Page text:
This is a follow on from My sexual assault, how it affected my life and who I got help for my PTSD where I went into detail about my past, this will make more sense to read that post first. In that post I mentioned that I got help for my PTSD. I didn’t realised I had PTSD until I went to my doctor, they referred me to get spealised therapy that would help. If I’m honest as I said before I thought I was past help, I couldn’t see how therapy would help as I constantly relived what happened to me and it had ruined so much of my life. How could anything make it better?
My first appointment was to assess the extent of my PTSD and see if I was ready to face my demons and move on. The therapy itself, I was told, would be upsetting and intense as you have to go through every detail of what happened to you.
Up until then I had only ever spoken about it to a few people and never in depth. It was only very recently I could even say the word ‘rape’ so I knew this would be horrific. After an hour of crying and talking, the therapist decided I was ready, and told me before I could have the therapy I had to attend a 6 week group workshop on what post traumatic stress disorder is and why my brain was doing what it was doing.
My first reaction was no fucking way am I going to a group session, I don’t want to talk about it, full stop, let alone to a group of strangers. I was reassured that there were struck group rules that no one was to talk about what happened to them or ask anyone anything about their trauma. Even after the session we were walked to our cars so we couldn’t ‘befriend’ anyone in the group. After a lot of thought and encouragement from my other half and my friend I said I would go.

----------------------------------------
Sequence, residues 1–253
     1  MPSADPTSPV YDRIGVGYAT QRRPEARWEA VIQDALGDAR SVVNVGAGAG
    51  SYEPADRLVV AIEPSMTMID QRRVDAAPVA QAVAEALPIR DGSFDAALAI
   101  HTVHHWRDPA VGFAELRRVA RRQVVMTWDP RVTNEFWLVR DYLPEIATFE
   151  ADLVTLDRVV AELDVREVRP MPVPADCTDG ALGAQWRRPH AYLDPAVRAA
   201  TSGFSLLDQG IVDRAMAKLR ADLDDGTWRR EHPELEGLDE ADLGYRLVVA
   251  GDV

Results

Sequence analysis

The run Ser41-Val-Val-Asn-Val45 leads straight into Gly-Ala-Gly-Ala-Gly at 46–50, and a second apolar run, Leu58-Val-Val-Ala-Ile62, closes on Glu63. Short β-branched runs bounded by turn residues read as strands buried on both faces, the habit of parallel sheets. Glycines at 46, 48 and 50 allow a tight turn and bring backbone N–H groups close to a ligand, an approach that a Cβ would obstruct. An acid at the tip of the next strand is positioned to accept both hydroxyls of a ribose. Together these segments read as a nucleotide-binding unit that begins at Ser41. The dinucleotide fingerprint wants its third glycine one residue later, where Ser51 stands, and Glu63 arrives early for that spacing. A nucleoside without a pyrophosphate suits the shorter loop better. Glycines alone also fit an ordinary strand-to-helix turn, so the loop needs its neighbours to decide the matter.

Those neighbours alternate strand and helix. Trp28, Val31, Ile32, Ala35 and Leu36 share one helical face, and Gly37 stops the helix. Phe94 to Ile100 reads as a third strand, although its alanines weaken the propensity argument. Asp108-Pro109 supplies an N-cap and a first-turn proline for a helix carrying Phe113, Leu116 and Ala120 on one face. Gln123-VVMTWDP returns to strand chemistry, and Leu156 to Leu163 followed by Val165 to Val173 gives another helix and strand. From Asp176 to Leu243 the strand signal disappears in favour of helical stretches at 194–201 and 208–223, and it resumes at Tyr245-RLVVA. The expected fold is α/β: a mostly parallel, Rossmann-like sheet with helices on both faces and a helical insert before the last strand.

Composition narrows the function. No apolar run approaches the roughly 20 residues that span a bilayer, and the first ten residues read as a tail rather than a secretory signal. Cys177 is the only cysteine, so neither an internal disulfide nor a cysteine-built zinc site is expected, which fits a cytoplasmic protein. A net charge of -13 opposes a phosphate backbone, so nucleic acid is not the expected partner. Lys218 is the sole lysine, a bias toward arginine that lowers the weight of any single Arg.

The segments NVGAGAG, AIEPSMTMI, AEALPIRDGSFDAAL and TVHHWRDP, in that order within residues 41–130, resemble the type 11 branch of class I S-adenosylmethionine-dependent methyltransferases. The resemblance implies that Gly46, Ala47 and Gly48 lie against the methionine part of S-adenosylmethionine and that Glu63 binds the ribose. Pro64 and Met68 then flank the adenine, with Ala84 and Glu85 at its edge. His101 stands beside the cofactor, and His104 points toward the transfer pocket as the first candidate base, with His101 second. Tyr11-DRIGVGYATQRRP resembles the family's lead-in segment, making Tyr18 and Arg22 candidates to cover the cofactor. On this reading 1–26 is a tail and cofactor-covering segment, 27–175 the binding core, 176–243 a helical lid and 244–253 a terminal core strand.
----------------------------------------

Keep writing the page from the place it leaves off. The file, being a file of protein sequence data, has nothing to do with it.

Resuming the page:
Best decision of my life.
There was so much we learnt that made something click in my head. What happened to me was in the past, but my brain still treated it as something that had just happened. This was because:
Imagine your memories live in a giant linin cupboard, the sheets live with the sheets neatly folded at the top, the towels live with the towel on the shelf at the bottom etc. But your trauma memories is a giant duvet, and it doesn’t have a home. So everytime you try to put it away you ram it in there and push the door shut. Inevitably the cupboard will spring open and the duvet pops back out making you relive everything all over again. In other words, the memory wasn’t stored properly when it happened, hence why it doesn’t feel like a memory.
This made so much sense to me and made me realise why I felt the way I did. This had a huge impact on me. The therapist also gave us techniques to bring us back to the right time zone when we woke up or we’re reliving the trauma. He suggested using essential oils and picking one scent to have with us at all times, the idea being over time you would recognise that smell as almost a “safe” smell to remind you everything is ok and where you are now. I told the group how I always read the last text I sent on my phone to bring me back which he thought was a great idea.
After the course I had only one session with the therapist as that is all I felt I needed. It took time but i managed to put it all in my past and move on. I decided to write about this to help anyone going through something similar, you are never past the point of being helped. You deserve to be happy to move on.
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